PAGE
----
Plant sentinels able to detect pollution and explosives
A group of researchers from the Colorado State University (CSU) managed to make a computer-designed detection trait work in a plant by rewiring its natural signaling process. It enables the plant to turn from green to white when chemicals are detected in the air around it or in the soil it is planted in. The research could eventually be used for a wide range of applications such as security in airports or shopping malls, or monitoring for pollutants such as radon in a home.
“The idea to make detector plants comes directly from nature”, said lead researcher June Medford, Professor in the CSU Department of Biology. “Plants can’t run or hide from threats, so they’ve developed sophisticated systems to detect and respond to their environment. We’ve ‘taught’ plants how to detect things we’re interested in and respond in a way anyone can see, to tell us there is something nasty around.”
Computational design of Medford’s detection trait was initially done in collaboration with Professor Homme Hellinga at Duke University and more recently with Professor David Baker at the University of Washington. They used a computer program to redesign naturally occurring proteins called receptors. These re-designed receptors specifically recognize a pollutant or explosive. Medford’s lab modified these computer redesigned receptors to function in plants, and targets them to the plant cell wall. The plant detects the substance and activates an internal signal that causes the plant to lose its green color, turning the plants white. The plants do change their color back to green once the pollutant or explosive is absent.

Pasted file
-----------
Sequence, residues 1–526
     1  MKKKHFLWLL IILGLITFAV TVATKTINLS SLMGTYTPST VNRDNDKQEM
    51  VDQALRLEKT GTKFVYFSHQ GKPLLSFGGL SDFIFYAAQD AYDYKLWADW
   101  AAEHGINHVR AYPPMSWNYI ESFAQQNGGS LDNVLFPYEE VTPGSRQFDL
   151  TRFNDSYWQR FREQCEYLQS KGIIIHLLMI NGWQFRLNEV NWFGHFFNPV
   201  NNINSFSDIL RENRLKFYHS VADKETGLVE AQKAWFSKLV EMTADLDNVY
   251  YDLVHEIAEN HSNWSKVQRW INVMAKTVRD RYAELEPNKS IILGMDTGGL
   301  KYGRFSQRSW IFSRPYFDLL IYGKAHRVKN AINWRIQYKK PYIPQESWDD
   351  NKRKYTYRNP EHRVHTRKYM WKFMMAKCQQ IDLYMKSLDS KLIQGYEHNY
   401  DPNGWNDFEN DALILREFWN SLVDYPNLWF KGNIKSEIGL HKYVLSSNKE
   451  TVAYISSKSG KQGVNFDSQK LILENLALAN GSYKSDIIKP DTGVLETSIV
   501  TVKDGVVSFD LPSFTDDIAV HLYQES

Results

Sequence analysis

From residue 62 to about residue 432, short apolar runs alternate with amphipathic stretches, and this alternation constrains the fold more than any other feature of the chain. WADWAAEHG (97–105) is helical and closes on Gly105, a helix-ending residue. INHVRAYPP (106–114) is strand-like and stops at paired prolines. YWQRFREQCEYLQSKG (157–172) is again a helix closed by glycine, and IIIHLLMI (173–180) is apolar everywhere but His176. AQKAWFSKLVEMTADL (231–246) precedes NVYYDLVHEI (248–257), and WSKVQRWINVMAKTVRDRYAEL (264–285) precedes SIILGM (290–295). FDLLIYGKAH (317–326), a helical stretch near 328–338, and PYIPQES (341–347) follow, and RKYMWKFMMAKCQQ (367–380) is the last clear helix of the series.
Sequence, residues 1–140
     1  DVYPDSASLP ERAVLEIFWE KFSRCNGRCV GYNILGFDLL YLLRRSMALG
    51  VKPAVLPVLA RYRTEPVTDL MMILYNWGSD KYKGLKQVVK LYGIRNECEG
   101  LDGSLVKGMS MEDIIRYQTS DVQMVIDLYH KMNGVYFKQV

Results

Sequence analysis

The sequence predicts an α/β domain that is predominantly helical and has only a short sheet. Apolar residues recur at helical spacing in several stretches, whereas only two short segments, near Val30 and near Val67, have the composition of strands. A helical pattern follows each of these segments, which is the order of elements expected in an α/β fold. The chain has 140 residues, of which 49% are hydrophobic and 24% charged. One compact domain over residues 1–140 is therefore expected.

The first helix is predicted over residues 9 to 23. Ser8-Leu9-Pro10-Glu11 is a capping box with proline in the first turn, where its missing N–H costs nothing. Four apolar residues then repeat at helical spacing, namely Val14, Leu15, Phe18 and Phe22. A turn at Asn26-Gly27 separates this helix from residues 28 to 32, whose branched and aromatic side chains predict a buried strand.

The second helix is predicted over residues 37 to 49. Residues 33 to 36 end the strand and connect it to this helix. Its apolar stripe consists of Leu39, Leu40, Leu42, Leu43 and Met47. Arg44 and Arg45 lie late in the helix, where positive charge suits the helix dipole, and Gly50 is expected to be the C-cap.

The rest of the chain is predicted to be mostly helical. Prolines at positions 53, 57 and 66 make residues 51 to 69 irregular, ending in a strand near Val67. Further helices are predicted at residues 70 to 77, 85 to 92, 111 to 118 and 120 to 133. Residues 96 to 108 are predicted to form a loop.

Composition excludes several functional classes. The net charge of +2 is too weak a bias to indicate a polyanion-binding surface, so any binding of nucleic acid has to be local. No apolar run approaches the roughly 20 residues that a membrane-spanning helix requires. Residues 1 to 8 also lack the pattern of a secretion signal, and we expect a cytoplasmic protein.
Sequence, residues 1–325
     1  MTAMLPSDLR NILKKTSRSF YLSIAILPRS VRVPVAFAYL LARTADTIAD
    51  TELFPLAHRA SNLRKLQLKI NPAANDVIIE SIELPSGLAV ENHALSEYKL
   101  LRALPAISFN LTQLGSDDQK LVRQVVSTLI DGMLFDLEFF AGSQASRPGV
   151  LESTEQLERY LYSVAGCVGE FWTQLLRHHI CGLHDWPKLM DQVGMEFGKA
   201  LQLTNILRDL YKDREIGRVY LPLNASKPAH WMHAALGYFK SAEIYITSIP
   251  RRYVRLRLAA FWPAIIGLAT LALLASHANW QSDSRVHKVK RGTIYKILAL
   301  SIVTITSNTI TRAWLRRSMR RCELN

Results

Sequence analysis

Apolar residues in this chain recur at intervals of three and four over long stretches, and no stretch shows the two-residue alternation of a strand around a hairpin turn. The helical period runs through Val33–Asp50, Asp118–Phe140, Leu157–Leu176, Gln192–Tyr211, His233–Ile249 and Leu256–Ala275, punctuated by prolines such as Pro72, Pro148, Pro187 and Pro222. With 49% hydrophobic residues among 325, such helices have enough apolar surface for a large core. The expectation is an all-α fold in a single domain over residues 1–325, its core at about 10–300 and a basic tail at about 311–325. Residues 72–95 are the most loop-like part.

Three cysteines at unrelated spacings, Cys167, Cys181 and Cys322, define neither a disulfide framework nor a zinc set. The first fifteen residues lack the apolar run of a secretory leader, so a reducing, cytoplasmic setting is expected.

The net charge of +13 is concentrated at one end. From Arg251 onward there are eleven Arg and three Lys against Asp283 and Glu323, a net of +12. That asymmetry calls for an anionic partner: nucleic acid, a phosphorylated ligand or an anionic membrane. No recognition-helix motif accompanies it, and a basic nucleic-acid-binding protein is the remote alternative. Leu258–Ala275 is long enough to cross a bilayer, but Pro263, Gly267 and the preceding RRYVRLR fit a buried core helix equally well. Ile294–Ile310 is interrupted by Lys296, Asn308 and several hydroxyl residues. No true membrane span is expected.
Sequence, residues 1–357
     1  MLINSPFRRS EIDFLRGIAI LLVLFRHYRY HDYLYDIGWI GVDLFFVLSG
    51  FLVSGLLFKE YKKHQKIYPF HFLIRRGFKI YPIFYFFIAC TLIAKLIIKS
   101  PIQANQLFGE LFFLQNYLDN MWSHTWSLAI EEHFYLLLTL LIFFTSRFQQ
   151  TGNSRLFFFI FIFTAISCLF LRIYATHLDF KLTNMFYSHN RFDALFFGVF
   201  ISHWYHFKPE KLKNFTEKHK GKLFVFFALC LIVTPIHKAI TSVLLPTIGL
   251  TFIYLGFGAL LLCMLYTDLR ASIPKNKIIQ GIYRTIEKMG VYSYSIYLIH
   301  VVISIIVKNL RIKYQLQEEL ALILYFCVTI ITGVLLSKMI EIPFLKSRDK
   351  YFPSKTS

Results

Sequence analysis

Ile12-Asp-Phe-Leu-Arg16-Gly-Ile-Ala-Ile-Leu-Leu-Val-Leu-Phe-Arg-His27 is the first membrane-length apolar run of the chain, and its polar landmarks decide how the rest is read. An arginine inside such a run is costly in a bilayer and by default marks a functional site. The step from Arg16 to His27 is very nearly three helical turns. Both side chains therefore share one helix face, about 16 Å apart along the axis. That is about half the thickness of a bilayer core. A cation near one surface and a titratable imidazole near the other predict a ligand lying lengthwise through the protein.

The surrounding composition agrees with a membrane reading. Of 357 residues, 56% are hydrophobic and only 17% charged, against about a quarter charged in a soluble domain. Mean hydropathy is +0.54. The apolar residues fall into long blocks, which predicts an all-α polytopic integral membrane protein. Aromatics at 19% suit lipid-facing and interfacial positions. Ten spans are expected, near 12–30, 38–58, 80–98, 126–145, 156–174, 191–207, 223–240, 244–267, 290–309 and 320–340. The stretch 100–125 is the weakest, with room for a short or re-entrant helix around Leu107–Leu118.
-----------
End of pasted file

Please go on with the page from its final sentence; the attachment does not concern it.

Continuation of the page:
The next goal for Medford and her team is to focus on speeding up of detection time. The initial or first-generation plants respond to an explosive in hours, but improvements are underway to reduce the response time to a few minutes. The researchers claim that the current generation of explosive and pollutant detecting plants have detection abilities that are similar to or better than those of dogs.
“Dr. Medford’s research illustrates that basic changes in scientific understanding can be applied to important problems such as environmental protection and homeland security”, said Bill Farland, vice president for Research at Colorado State and formerly top scientist at the Environmental Protection Agency.
The detection traits could be used in any plant and could detect multiple pollutants at once – changes that can also be detected by satellite. Aside the problem related to detection speed, the researchers will have to focus on better results in color change, since plants do change their color due to potential diseases or wrong watering.
For more information you can read the research article published in the peer-reviewed journal PLoS ONE named: “Programmable Ligand Detection System in Plants through a Synthetic Signal Transduction Pathway”.